Beyond this, organizations should monitor the directories and files mentioned above for modification. This latter measure will help ensure detection in the event that patches are insufficient for preventing compromise. Furthermore, as is the case with general ransomware preparedness, organizations should maintain secure and frequent backups to aid in quick recovery if compromise does occur.

An organization’s attack surface can be further reduced by performing system hardening actions such as removing unnecessary Internet-facing servers or services, implementing an access control list (ACL) that restricts access to VMware servers to the extent possible, disabling or removing unnecessary VMware components (such as SLP), and enforcing the principle of least privilege for administrative services. Additional details about routine cyber hygiene activities can be found here.


The ESXiArgs ransomware campaign highlights the importance of keeping ESXi servers updated with the latest patches to mitigate risk. However, even with patches applied, organizations should also monitor key directories and files for unauthorized modification and maintain secure and frequent backups. By performing system hardening actions such as reducing the attack surface, implementing an ACL, disabling unnecessary components, and enforcing the principle of least privilege, organizations can further reduce the risk of compromise. Overall, our goal is to arm organizations with the knowledge and measures to proactively prevent and mitigate potential ransomware attacks.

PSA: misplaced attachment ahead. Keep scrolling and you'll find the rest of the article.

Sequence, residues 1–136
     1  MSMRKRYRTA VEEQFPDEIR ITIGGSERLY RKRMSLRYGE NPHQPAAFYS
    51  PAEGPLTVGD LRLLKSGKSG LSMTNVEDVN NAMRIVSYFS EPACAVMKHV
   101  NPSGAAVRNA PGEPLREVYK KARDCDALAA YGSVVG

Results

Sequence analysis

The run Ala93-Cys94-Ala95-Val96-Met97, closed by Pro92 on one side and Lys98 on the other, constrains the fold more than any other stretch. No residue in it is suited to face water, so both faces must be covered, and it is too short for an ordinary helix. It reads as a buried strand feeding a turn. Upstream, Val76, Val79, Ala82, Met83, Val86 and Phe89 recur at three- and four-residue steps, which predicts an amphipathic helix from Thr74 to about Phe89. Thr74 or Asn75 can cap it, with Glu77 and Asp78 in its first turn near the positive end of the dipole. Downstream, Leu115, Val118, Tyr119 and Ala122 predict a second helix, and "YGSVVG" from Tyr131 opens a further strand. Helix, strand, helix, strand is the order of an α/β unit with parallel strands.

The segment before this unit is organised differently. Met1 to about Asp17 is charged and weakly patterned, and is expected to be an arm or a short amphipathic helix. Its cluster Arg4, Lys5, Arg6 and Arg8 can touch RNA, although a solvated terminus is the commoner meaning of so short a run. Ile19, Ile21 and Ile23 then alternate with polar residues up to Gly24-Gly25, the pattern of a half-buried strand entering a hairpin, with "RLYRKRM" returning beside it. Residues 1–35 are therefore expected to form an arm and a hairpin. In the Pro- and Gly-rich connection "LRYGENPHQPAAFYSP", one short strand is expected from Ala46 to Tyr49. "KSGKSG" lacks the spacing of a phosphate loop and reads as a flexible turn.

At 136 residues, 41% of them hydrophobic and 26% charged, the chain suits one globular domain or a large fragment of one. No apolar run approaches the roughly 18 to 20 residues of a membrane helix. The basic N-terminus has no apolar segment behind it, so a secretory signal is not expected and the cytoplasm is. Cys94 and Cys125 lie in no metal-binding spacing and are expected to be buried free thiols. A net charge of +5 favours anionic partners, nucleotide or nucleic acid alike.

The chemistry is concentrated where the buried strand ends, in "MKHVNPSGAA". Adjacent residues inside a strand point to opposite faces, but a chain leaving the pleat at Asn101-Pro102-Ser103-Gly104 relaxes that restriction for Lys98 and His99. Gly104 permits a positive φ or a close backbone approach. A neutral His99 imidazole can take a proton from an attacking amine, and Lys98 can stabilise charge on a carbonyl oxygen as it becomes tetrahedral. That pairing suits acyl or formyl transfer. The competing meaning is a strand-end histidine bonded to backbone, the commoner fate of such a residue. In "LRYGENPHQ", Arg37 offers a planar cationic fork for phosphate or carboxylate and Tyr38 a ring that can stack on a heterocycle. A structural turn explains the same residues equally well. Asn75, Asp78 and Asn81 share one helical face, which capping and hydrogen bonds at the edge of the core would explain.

In summary:

  • Patch or upgrade vulnerable ESXi Servers
  • Remove Internet connectivity if not needed
    • At minimum, ensure proper controls are in place to minimize access
  • Disable SLP service

Indicators of Compromise








File Hashes

encrypt - 87b010bc90cd7dd776fb42ea5b3f85d3

encrypt - 11b1b2375d9d840912cfd1f0d0d04d93ed0cddb0ae4ddb550a5b62cd044d6b66 - d0d36f169f1458806053aae482af5010 - 10c3b6b03a9bf105d264a8e7f30dcab0a6c59a414529b0af0a6bd9f1d2984459

File Access/Modifications





TOX ID (identified in ransom note)